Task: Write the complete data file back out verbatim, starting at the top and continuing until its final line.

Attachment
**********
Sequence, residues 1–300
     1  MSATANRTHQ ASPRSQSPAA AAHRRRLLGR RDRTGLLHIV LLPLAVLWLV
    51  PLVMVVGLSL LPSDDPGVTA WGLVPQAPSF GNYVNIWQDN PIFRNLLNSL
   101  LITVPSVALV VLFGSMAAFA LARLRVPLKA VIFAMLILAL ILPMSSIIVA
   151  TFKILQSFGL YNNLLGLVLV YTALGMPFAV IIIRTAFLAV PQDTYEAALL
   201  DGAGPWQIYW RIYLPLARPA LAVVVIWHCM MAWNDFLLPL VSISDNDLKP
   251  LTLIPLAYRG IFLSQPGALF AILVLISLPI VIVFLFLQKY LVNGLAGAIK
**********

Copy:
Sequence, residues 1–300
     1  MSATANRTHQ ASPRSQSPAA AAHRRRLLGR RDRTGLLHIV LLPLAVLWLV
    51  PLVMVVGLSL LPSDDPGVTA WGLVPQAPSF GNYVNIWQDN PIFRNLLNSL
   101  LITVPSVALV VLFGSMAAFA LARLRVPLKA VIFAMLILAL ILPMSSIIVA
   151  TFKILQSFGL YNNLLGLVLV YTALGMPFAV IIIRTAFLAV PQDTYEAALL
   201  DGAGPWQIYW RIYLPLARPA LAVVVIWHCM MAWNDFLLPL VSISDNDLKP
   251  LTLIPLAYRG IFLSQPGALF AILVLISLPI VIVFLFLQKY LVNGLAGAIK